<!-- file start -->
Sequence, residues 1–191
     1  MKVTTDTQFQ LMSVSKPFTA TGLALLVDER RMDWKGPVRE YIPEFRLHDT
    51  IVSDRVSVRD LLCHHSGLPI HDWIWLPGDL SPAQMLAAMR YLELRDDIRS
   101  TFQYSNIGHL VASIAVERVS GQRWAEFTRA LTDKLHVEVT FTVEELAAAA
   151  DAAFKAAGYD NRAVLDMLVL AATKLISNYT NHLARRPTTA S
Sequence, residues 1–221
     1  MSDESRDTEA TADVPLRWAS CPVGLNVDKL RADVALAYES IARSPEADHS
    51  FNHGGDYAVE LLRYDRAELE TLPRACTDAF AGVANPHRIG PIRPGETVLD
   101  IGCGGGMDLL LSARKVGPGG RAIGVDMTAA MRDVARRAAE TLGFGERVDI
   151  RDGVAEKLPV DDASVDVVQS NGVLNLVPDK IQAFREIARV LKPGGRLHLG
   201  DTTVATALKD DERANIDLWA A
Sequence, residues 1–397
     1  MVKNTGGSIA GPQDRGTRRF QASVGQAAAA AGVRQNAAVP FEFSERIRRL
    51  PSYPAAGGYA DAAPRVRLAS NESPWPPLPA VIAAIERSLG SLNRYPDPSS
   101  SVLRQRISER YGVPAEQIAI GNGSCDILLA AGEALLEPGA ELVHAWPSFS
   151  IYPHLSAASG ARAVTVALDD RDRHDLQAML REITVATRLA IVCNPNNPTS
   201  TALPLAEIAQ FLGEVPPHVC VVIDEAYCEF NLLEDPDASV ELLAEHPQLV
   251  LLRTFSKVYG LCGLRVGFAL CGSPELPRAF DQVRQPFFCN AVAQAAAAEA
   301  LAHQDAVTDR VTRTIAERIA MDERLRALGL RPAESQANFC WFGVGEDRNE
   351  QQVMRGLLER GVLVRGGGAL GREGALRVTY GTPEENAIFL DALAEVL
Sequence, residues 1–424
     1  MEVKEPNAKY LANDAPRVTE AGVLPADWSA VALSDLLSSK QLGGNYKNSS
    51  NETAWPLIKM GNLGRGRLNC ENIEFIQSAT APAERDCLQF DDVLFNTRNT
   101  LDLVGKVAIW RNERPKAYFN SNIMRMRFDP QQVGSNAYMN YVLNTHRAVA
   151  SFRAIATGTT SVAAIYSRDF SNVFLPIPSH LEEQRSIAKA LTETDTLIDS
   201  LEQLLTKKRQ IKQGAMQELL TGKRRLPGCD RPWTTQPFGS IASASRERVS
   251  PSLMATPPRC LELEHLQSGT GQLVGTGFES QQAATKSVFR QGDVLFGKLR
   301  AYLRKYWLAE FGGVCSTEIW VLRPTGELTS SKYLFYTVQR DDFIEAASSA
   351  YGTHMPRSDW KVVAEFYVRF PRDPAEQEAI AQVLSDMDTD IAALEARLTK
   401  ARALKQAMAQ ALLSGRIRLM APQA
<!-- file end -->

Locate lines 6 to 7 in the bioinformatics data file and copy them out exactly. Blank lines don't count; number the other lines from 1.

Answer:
Sequence, residues 1–221
     1  MSDESRDTEA TADVPLRWAS CPVGLNVDKL RADVALAYES IARSPEADHS